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Iran on Monday blamed Israel for knocking out power to its Natanz underground nuclear facility, saying the sabotage damaged its centrifuges and vowing to retaliate as tensions between the two longtime foes threaten to jeopardize talks with the Biden administration to re-enter the 2015 nuclear accord.
State-run media in Iran claimed the person who caused the blackout at the key nuclear site that is used to enrich uranium has been identified and “necessary measures are being taken to arrest this person.”
Iranian Foreign Minister Mohammad Javad Zarif blamed Israel but added that the event would not jeopardize nuclear talks.
“The Zionists want to take revenge because of our progress in the way to lift sanctions. … We will not fall into their trap. ... We will not allow this act of sabotage to affect the nuclear talks,” Zarif said, state-run media reported.
“But we will take our revenge against the Zionists,” he continued.
Israel has not officially claimed responsibility, but Israeli media reported that the country’s Mossad spy unit had carried out a cyberattack on an Iranian nuclear facility.
The outage occurred as US Defense Secretary Lloyd Austin arrived in Israel, where he met with Prime Minister Benjamin Netanyahu, who is vocally opposed to the nuclear deal.
“My policy as prime minister of Israel is clear: I will never allow Iran to obtain the nuclear capability to carry out its genocidal goal of eliminating Israel,” Netanyahu said. “And Israel will continue to defend itself against Iran’s aggression and terrorism.”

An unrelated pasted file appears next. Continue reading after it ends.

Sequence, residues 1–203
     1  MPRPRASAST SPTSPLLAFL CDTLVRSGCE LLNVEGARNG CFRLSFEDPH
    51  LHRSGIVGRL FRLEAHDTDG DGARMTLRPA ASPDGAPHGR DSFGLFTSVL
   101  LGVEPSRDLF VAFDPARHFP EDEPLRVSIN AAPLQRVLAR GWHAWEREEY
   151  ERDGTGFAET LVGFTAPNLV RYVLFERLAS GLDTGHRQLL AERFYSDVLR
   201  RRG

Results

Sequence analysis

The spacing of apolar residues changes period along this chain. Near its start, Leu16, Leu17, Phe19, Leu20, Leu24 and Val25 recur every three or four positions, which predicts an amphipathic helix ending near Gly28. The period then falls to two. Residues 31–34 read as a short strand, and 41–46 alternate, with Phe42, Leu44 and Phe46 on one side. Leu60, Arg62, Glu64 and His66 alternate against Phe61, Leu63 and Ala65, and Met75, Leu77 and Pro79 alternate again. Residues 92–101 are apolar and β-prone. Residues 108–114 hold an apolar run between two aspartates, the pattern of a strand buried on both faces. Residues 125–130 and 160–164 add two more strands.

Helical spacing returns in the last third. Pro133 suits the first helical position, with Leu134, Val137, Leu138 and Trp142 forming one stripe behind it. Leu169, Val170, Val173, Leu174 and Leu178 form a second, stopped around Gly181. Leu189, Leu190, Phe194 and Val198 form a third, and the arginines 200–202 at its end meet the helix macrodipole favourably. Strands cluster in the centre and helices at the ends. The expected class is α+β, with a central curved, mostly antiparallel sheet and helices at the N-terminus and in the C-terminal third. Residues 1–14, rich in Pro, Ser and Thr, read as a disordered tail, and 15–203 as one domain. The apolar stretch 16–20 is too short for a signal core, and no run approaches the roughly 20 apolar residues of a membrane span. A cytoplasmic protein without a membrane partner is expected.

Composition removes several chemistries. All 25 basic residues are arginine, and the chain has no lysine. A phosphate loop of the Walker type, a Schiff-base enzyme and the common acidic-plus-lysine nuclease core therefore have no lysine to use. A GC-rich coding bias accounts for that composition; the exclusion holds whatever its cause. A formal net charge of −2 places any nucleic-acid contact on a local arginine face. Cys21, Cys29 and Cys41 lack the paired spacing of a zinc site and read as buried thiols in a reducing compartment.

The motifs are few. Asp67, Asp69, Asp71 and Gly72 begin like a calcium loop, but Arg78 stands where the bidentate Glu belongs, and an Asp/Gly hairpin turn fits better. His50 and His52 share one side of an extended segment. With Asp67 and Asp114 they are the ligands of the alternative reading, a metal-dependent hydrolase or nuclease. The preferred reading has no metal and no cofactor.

Members of the Biden administration met with Iranian officials last week in Vienna about re-entering the accord that former President Donald Trump withdrew the US from in 2018.
Austin, speaking with Netanyahu, said the talks “will continue.”
Initially, Iran blamed the blackout at the Natanz facility on an electrical outage, but later began referring to it as an attack.
Tehran, which has been breaching provisions of the accord since the US pulled out of it, has insisted that it is enriching uranium for peaceful purposes and not for use in nuclear bombs.
Iranian nuclear energy chief Ali Akbar Salehi said emergency power has been activated at Natanz and “enrichment of uranium has not stopped in the site.”
Foreign Ministry spokesman Saeed Khatibzade said the country’s nuclear experts are assessing the centrifuges and said any that are damaged will be replaced with “advanced ones.”
With Post wires
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